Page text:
Joshimath to Mana – Joshimath
DISTANCE: 90 km via NH 58
Though this was supposed to be our day of relaxation after the previous day’s driving, we decided to head up towards the famous Badrinath temple. It wasn’t much distance to cover, in fact, it was only 45 km, which by our normal highway calibrated minds would take us less than an hour to cover, but as we found out earlier, going purely by numbers is a bad idea in the mountains. So, after a filling breakfast of paranthas and piping hot lemon tea (the people here sure do make great tea!), we set off towards Badrinath.
Because of the unpredictability of the hills, we didn’t make any plans for our return just yet. We’d get there first and then depending on the time, we’d either stay back or make our way back to Joshimath. However, a small home-stay caught our eye as we were leaving Joshimath so we decided to get their number in case we needed it at night. After that, we were really on our way, making our way down the valley, one switchback at a time, till we eventually reached a river crossing far up in the hills. From then on, it was relatively smooth sailing.
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Every few minutes, one of us would point to the snow-capped peaks and stare, awe-struck at the sheer beauty. Driving is difficult in these parts, not just because of road conditions, but because you’ll be compelled to stop every few metres as a new sight has caught your eye and you just can’t help but stop and stare. Such is the beauty of the hills.
Anyway, after many such stops, we had finally arrived at Badrinath. We knew that because of the incredible amount of tourists and yellow-plate vehicles parked there. After a quick lunch, we set off exploring the temples there when a sign caught our eyes. Mana, the last Indian village before the Tibet border was only a few kilometres off, so we hopped in and headed in its general direction only to find that it was an even bigger tourist trap than Badrinath. Mile-long traffic jams? No, thank you. That was about the time we decided to head back to Joshimath for a good night’s sleep, so off we went to a hotel which overlooked the valley.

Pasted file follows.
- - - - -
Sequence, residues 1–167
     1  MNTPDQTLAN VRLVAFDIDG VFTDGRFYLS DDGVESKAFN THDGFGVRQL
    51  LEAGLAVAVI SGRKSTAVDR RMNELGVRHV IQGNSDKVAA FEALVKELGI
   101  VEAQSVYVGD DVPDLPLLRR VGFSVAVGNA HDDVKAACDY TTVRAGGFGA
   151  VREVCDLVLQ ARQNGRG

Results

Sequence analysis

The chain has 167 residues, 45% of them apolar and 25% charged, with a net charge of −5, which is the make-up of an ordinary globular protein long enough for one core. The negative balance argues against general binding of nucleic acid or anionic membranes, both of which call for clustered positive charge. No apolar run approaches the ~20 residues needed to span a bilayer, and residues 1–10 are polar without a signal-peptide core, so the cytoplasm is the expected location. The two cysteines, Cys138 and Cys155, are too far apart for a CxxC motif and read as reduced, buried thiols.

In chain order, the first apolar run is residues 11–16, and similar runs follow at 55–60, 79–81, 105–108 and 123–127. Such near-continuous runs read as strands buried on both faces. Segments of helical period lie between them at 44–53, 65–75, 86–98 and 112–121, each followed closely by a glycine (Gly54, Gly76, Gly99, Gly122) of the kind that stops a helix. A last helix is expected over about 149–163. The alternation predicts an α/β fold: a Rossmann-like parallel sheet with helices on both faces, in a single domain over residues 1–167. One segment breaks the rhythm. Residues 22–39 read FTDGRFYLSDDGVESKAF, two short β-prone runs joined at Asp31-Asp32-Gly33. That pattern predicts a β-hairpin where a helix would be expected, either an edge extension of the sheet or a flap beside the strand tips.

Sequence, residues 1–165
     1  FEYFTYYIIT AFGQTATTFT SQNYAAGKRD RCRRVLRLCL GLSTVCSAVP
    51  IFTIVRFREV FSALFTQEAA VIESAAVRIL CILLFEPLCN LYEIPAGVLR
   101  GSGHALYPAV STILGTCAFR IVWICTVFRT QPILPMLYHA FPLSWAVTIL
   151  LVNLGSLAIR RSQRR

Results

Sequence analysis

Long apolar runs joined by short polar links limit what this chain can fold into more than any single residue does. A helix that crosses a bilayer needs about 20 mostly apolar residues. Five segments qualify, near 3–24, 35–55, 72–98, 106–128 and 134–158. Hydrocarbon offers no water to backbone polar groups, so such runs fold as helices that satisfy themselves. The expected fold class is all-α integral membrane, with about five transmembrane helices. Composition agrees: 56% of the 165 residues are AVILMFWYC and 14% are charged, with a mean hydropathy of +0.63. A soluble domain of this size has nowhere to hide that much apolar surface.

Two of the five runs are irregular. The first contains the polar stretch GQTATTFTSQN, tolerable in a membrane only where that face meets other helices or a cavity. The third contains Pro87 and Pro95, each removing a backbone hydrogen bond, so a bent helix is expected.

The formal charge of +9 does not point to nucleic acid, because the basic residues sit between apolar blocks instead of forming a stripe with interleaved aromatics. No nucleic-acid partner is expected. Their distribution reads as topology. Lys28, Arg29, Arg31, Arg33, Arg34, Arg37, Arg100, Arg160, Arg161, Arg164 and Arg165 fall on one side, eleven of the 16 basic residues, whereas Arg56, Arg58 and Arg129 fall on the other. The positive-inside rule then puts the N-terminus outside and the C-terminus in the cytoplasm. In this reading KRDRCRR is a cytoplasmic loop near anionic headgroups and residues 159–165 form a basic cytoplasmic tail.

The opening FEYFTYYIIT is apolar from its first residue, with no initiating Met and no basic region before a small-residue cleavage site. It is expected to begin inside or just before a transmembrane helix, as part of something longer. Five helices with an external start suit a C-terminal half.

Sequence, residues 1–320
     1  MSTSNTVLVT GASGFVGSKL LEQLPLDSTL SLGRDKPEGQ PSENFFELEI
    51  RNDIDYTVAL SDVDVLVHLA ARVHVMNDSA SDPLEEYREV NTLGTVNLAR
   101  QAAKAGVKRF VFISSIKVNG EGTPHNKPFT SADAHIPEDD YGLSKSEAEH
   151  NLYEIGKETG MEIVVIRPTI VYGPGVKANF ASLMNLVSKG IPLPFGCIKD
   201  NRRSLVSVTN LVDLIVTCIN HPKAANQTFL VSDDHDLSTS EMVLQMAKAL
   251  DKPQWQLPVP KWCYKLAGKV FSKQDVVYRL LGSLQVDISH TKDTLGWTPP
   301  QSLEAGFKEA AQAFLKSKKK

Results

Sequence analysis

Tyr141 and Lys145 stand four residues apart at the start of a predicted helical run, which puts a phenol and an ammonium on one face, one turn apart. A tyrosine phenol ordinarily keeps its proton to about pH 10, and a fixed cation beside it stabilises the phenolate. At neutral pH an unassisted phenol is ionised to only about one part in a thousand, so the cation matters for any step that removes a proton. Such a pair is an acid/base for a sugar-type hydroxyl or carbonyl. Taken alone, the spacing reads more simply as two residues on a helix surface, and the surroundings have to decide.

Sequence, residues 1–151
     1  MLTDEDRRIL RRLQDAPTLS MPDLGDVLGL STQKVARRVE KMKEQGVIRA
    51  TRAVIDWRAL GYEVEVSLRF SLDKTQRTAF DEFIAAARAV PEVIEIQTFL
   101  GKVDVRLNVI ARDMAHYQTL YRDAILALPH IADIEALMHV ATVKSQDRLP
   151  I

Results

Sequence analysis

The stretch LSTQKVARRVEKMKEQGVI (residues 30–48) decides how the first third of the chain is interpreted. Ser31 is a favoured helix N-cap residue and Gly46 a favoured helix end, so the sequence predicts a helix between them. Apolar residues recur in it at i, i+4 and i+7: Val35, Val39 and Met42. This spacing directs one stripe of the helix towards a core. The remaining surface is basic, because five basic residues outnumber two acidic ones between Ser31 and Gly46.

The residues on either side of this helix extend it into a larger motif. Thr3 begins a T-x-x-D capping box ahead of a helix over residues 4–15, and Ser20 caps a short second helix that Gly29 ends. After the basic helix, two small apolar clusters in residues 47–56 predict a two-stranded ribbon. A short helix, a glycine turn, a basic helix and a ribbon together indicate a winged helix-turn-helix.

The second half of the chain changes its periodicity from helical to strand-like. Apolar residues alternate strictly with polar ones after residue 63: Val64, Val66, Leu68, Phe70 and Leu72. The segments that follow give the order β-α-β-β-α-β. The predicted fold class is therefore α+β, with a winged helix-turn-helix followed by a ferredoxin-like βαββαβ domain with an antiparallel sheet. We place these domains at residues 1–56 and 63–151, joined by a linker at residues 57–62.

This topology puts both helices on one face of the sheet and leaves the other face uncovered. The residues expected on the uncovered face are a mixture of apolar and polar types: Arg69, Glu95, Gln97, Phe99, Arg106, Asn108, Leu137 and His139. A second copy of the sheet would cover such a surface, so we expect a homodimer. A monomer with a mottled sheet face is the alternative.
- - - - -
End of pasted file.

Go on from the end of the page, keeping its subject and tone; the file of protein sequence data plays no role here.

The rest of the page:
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Joshimath – Rishikesh
DISTANCE: 254 km via NH58
If it weren’t for the beauty of the sunrise, we’d have been angry to have been woken up by the first rays of the sun. No matter though, because another healthy breakfast later (yeah, right), we were ready to leave this small little town behind and head towards Rishikesh. Now, Rishikesh is known as the gateway to the Himalayas and as such sits at the foothills of the mountain range. The drive there wasn’t exactly what we’d call pleasant though. Landslides and horrible road conditions made what was already a tiring journey even more so. If we weren’t in a Bolero, some of the shortcuts we took along the way wouldn’t have been possible at all.
Finally, after what seemed like hours, the city limits of Rishikesh were in view. We were very tempted to camp by the Ganges, but weather conditions weren’t exactly conducive to camping by a freezing river. Manoeuvring the Bolero through the tight streets of this city was surprisingly effortless, so we decided to explore this beautiful city while we were there. Post that, hunger drove us to the nearest hotel where we decided to bunk for the night. It’s a good thing we stayed at the outskirts of the city though, because even in the early hours of the morning, there was traffic as we set out towards Delhi to end our trip. Delhi was another 226 km from Rishikesh along the same NH58, so we started off early and reached the capital with great memories of the mountains still fresh in our heads.
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So, after four days and over 1,350 km of intense driving through the mountains, we realised that this whole trip wouldn't have been possible had it not been for the Bolero's capabilities. Not to forget the creature comforts that made the trip enjoyable. Some of the roads on our trip couldn’t really be classified as such and the fact that we didn't even flinch at the thought of going through those sections shows just how confidence-inspiring this Mahindra really is. Would we do it again? Absolutely! What about a drive even tougher? If it’s with a Bolero, bring it on, we say!